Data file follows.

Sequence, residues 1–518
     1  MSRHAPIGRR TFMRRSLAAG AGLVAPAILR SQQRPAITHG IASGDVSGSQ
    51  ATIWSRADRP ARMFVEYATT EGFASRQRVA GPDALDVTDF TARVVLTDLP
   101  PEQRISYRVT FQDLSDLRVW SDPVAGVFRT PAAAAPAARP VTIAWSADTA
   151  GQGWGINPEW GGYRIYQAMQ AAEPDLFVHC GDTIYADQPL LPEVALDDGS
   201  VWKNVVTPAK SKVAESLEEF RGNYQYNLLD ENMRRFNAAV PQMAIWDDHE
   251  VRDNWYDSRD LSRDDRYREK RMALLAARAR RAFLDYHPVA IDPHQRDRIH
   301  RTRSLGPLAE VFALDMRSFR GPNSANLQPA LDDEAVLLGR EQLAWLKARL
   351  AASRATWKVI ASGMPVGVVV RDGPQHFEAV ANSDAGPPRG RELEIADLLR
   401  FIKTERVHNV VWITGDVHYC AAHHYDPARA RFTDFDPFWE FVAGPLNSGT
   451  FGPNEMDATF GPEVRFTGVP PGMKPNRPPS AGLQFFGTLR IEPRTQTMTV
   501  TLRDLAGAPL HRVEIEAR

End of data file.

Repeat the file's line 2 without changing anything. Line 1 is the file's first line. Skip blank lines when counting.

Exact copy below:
     1  MSRHAPIGRR TFMRRSLAAG AGLVAPAILR SQQRPAITHG IASGDVSGSQ